Boy Prostitution in West Africa
Charles Hounmenou | September 23 | 10:10 - 11:10 AM | Room 2582
Although hardly discussed, boy prostitution occurs in Sub-Sahara Africa. This study, which appears to be the only one of its kind, explored the characteristics of boy prostitution in a major city in West Africa. This study used a quantitative descriptive design based on a survey instrument. A convenience sample of 13 male minors participated in the study. The findings show that none of the participants were homeless or runaway children. Most of them lived with their families while practicing prostitution. Adverse life events respondents experienced prior to entering prostitution include sexual abuse, sexual assault, and family dysfunction. The findings do not show any criminal networks involved in boy prostitution. Respondents’ prostitution practices and the environment of such practices were explored. The findings show a high level of awareness of and protection against sexually transmitted infections among the respondents. Respondents experienced violence by clients, people in the community, and the police. They primarily relied on peer networks and non-governmental organizations for support and assistance. All the participants stated their intention to quit the sex trade. Implications for practice, policy and research are discussed.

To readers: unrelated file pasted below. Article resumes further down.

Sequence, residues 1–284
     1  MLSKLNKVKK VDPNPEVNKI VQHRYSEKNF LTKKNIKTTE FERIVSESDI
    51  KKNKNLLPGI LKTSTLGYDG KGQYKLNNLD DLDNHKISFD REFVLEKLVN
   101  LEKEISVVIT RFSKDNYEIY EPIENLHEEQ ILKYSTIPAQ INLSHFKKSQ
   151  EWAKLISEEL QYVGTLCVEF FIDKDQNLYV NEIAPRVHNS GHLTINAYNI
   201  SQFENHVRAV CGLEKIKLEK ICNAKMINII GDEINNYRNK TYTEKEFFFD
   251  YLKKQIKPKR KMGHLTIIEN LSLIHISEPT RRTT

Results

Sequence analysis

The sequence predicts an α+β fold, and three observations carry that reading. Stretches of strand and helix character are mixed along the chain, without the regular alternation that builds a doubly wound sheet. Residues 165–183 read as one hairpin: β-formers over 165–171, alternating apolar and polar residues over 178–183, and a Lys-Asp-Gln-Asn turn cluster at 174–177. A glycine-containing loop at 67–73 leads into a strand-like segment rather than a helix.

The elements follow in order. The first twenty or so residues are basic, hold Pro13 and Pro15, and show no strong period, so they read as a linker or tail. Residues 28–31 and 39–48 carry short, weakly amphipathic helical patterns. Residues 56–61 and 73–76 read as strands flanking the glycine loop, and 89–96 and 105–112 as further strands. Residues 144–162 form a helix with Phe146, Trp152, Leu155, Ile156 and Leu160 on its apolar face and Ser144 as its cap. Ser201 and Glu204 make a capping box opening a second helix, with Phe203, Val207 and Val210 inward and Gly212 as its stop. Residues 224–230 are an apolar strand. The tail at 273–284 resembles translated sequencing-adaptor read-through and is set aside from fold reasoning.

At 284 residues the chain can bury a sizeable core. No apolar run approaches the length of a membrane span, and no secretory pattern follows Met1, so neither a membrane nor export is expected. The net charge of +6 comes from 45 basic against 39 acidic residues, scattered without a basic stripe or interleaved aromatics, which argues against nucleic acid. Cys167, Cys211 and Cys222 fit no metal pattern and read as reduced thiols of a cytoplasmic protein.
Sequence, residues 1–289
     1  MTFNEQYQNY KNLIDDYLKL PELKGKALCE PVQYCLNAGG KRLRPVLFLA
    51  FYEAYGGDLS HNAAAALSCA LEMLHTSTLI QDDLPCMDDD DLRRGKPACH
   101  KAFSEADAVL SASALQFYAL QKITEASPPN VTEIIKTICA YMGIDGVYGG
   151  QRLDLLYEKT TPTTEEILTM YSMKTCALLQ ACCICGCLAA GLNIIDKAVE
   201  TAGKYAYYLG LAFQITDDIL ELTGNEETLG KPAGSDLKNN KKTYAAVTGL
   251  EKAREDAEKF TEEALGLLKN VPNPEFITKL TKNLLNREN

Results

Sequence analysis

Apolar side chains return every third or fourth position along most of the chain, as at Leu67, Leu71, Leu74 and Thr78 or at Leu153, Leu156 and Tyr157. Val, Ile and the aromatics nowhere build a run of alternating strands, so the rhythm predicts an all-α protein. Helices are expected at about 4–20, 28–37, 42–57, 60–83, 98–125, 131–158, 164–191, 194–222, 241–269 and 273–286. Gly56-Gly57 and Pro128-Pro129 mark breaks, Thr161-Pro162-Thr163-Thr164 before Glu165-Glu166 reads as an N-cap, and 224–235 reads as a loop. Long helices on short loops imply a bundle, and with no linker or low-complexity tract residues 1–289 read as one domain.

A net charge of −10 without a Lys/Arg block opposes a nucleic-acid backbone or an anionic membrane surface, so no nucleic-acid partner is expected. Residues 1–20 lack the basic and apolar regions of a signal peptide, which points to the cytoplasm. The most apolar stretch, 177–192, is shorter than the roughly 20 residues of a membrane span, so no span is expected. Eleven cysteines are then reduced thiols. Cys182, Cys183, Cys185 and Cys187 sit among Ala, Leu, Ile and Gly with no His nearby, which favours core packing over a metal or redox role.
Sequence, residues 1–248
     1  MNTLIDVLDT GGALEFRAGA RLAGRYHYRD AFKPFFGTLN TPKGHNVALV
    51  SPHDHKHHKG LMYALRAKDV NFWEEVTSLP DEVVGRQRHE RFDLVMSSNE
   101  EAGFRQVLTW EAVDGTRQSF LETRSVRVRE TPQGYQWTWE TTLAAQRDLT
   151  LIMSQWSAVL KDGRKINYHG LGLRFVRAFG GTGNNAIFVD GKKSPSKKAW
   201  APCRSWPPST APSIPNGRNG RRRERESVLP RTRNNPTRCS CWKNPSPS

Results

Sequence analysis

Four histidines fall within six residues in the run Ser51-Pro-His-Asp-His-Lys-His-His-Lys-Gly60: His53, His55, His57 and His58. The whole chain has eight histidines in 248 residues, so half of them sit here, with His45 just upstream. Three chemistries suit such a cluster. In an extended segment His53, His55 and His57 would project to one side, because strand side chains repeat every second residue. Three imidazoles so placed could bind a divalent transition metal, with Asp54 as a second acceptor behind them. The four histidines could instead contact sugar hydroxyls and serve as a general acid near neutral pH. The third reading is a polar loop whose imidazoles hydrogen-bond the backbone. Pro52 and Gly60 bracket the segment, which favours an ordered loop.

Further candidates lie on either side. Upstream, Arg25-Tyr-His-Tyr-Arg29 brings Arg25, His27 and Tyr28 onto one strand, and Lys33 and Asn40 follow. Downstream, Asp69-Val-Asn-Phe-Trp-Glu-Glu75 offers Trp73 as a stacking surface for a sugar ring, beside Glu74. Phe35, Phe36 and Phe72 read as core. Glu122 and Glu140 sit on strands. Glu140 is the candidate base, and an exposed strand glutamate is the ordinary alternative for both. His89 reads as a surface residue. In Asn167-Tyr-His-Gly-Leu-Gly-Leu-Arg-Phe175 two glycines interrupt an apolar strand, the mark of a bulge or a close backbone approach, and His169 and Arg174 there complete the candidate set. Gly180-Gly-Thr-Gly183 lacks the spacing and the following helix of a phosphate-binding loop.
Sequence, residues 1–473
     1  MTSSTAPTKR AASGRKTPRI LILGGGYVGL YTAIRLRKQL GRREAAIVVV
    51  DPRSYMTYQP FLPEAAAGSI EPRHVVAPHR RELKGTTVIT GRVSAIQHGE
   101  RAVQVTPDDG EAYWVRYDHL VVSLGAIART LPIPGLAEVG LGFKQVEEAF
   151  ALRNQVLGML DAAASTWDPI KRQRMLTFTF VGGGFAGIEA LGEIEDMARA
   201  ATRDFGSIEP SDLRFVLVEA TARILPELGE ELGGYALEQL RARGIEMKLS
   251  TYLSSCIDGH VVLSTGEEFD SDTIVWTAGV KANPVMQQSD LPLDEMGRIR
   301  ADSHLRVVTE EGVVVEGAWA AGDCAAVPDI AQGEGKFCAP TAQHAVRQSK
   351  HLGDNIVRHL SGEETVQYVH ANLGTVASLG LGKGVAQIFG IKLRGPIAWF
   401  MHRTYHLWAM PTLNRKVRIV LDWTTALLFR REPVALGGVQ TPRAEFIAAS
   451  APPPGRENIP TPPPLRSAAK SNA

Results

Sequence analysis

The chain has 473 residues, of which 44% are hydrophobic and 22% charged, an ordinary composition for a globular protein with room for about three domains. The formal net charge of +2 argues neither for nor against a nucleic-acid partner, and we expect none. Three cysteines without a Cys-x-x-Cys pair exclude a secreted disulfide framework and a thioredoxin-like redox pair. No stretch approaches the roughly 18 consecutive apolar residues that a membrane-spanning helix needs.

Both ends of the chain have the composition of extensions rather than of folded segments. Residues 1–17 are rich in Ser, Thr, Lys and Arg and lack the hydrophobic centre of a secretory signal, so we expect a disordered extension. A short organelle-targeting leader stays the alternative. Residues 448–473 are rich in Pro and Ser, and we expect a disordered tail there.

· To show the prevalence and characteristics of boy prostitution in West Africa;
· To highlight the influence of environmental factors and culture on boy prostitution practices;
· To explore issues of protection against STIs and violence among boys in prostitution;
To discuss challenges boys in prostitution face in accessing assistance; and
To contrast the lessons learned from this research with the literature on boy prostitution.